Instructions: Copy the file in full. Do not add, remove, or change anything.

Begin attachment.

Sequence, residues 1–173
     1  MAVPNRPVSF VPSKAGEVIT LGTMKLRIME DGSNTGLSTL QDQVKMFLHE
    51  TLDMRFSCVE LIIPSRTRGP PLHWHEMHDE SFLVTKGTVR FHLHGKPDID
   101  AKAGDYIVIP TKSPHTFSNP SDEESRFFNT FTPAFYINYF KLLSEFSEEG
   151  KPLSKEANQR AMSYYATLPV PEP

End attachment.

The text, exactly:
Sequence, residues 1–173
     1  MAVPNRPVSF VPSKAGEVIT LGTMKLRIME DGSNTGLSTL QDQVKMFLHE
    51  TLDMRFSCVE LIIPSRTRGP PLHWHEMHDE SFLVTKGTVR FHLHGKPDID
   101  AKAGDYIVIP TKSPHTFSNP SDEESRFFNT FTPAFYINYF KLLSEFSEEG
   151  KPLSKEANQR AMSYYATLPV PEP